In this tutorial, we’ll learn how to make a face mask filter with vacuum bags to fill and make your homemade face masks even safer.
What a strange time to be alive right? It’s been so amazing to see so many sewists create face masks by the hundreds for friends, family, and strangers. In just the last few weeks, many businesses and states have made it mandatory to wear a face mask whenever you are in public.
While any mask is better than no face mask, some fabrics and filters have been shown to perform better and be more protective than others. This tutorial is going to show you how to make your own face mask filters that are HEPA quality to block small particles.
Because everybody deserves to stay safe!
Just in case you have missed them, I’ve created 3 different face mask tutorials for you guys that you can find below:
- No-Sew Face Mask for kids and adults
- Face Mask / Filter and Nose Wire w/ Pdf Sewing Pattern
- Stretch Face Mask w/ Pdf Sewing Pattern
For today’s tutorial, I’ll be using the Printable Face Mask Sewing Pattern from a few weeks ago. You can find it here.
Part of this face mask sewing pattern is a separate template to make your own face mask filter. While you could make this from another sheet of cotton, a coffee filter, or even a piece of tissue paper, the best material I’ve found has been a HEPA Vacuum Bag.
Vacuum Bags are inexpensive, easy to work with, and effective at protecting you from inhaling small particles that can penetrate fabric masks.
But First, Are Vacuum Bags Safe For Masks?
If we’re being totally honest, when I first started using vacuum bags as face mask filters, I got a lot of criticism. There was a lot of talk about vacuum bags being made from fiberglass and causing you to inhale the harmful particles.
But before I ever created a DIY face mask tutorial, I did hours and hours of research to produce the most useful and practical tutorial possible. In my research, I learned that vacuum bags have never contained fiberglass. I also learned that cloth vacuum bags provide the highest level of protection and are made of polypropylene material, similar to the material being used to help create 5 million face masks for ProjectProtect.health
But knowing that vacuum bags are not dangerous didn’t necessarily make them the best material to create your own face mask filters. After all, we want to make the safest, most effective filters possible right?
So I researched even more.
While there were several sources that said something similar, I think this quote from the New York Times summed it up best:
“Scientists around the country have taken it upon themselves to identify everyday materials that do a better job of filtering microscopic particles. In recent tests, HEPA furnace filters scored well, as did vacuum cleaner bags”
-The New York Times April 2020
So now that we know vacuum bags are both safe and effective to use as face mask filters, let’s make a few shall we? Scroll down to learn how to make face mask filter with vacuum bags.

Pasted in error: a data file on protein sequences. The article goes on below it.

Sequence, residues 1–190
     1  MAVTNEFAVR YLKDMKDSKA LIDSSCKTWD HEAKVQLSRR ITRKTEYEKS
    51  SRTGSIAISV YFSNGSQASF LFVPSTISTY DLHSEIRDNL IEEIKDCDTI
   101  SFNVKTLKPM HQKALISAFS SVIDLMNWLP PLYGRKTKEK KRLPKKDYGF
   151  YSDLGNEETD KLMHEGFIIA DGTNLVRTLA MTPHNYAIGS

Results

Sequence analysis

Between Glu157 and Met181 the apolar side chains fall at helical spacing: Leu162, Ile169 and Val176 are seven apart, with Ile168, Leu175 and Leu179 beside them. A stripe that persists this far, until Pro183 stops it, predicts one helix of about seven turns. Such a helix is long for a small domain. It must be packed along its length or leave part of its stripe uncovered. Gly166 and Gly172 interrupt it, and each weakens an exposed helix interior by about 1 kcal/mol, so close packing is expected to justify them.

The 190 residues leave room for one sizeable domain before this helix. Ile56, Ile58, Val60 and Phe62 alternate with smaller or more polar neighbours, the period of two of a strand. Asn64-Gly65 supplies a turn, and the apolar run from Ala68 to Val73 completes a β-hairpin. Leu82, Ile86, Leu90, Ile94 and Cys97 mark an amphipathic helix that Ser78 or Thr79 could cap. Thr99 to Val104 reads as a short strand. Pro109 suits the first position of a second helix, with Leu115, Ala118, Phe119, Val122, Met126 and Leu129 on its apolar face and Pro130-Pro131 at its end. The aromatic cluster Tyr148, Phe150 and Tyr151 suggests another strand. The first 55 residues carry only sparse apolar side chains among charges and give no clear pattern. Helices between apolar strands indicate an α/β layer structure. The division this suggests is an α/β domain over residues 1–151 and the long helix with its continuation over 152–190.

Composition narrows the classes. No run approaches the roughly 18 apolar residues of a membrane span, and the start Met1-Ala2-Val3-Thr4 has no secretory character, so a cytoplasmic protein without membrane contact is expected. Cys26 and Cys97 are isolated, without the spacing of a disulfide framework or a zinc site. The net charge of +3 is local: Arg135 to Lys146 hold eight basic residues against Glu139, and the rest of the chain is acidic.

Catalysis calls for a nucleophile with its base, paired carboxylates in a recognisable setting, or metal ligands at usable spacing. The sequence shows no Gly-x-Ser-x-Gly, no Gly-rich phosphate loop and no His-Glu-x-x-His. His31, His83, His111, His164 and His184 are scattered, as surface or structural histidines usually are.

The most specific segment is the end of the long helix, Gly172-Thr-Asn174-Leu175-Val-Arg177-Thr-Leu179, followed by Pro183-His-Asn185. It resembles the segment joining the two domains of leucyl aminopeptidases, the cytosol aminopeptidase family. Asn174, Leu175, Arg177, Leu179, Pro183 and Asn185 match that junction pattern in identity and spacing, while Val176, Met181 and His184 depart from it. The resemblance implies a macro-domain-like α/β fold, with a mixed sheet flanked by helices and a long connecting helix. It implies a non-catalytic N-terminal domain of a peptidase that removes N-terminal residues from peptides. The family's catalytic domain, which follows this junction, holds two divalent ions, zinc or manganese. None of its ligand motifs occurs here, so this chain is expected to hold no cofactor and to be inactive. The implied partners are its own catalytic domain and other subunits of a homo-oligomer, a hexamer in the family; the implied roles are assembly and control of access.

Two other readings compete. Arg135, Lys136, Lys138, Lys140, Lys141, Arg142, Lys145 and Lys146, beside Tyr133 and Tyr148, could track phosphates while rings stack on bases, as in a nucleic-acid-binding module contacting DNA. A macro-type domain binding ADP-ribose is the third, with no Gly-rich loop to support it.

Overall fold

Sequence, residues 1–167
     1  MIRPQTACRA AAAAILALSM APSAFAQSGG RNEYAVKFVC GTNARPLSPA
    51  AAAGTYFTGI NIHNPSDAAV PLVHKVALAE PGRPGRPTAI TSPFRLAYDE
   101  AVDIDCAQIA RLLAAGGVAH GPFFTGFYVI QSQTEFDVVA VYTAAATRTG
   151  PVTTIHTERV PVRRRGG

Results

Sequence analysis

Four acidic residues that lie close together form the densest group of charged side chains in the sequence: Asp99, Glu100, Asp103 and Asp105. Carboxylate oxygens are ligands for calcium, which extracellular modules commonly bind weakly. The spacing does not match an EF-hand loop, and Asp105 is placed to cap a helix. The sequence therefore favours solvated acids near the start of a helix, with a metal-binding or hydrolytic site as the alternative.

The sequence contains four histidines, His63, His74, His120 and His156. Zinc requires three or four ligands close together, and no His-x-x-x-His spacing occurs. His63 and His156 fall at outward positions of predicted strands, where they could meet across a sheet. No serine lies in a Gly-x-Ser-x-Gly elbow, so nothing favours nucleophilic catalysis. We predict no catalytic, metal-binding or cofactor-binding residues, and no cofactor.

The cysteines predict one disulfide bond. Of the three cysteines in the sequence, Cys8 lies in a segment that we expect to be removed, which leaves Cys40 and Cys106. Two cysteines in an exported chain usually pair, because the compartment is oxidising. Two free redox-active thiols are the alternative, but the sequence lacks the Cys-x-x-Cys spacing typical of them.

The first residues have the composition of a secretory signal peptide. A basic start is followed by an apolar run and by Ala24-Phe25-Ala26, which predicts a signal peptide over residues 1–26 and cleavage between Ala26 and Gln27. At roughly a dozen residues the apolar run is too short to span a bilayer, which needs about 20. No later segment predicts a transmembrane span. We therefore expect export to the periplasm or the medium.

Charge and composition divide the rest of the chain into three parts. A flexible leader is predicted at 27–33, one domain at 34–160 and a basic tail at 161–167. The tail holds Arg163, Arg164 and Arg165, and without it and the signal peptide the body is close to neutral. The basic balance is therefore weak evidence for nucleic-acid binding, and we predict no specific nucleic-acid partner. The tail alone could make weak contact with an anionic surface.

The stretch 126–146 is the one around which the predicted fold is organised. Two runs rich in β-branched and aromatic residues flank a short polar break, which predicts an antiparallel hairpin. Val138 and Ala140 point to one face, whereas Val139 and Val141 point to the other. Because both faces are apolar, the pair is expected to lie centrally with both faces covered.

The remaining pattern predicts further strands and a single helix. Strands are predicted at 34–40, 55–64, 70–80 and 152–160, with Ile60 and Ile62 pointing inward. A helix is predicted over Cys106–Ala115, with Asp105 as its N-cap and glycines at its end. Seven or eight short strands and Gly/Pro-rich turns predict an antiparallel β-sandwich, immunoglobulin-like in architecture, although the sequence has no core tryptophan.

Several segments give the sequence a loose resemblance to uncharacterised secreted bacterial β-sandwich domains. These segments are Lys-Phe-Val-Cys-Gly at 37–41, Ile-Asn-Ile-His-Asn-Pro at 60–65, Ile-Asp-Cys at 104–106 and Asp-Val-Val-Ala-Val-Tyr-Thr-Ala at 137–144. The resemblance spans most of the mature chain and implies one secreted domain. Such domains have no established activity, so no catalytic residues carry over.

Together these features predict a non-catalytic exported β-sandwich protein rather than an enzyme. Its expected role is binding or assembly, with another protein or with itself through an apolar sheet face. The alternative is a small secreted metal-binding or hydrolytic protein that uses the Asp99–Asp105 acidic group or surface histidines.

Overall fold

How To Make A Face Mask Filter with Vacuum Bags
For this tutorial, I used these Vacuum Bags from Amazon. They are inexpensive, ship quickly, and one pack makes nearly a dozen face mask filters.
When it’s time to cut the filter, first you’ll need to open your vacuum bag. I like to trim it across the top so you can open one edge wide, and then cut it open it again at the bottom so you have one solid sheet of fabric. This is going to give you’re most bang for your buck and give you the most usable space to work with.
From here, you’re going to treat it like any other fabric and cut two filter pattern pieces. The only difference when it comes to working with your vacuum bag is when it comes to sewing. While sewing, you’re going to use a wider stitch length because you want the least amount of needle puncture holes in your filter as possible.
Tip: While you’re at it, it might be a good idea to cut a few extra filter pieces since this is the only disposable piece of your DIY face mask. After you’ve worn it a few times, you’ll want to switch out your filter while the rest can be washed in a washing machine.
When it’s time to sew your face mask filter pieces, sew a straight stitch along the front, curved edge at a 5/8″ seam allowance.
When sewing your filter, extend your stitch length to 3.0 or 3.5 and use a smaller needle is you have one on hand. I recommend a Microtex or silk needle to create smaller holes.
In order for your face mask to curve nicely around your face, we’re going to cut small triangular shapes out of the seam allowance on all of your pattern pieces. Use your paper scissors to cut into your filter (making sure you don’t cut into your stitch line) and your fabric scissors to cut into your cotton pieces. These tiny notches help your face mask expand and contract when it’s flipped right side out and make it much more comfortable to wear around your face.
Now it’s time to put your filter in to make sure it fits correctly. Slide it in the top edge and gently work its way into the corners of your mask.
Your filter should fit snug and not float around inside the pocket of your face mask. If you’d like to use this printable face mask pattern, you can get it here.
Ta da! Now you are all set! Your new face mask is equipped with a HEPA filter that will last several wears!
Can You Wash A Face Mask Filter?
In short, no. I don’t recommend washing the filters we’ve made in a regular washing machine. The good news is, you can remove the filter from the pocket of your face mask before washing and replace it afterward. Use your best judgment and replace your HEPA filter after a few wears.
I hope this little tutorial was helpful, cleared up a few misconceptions, and walked you through how to make a face mask filter with vacuum bags step by step.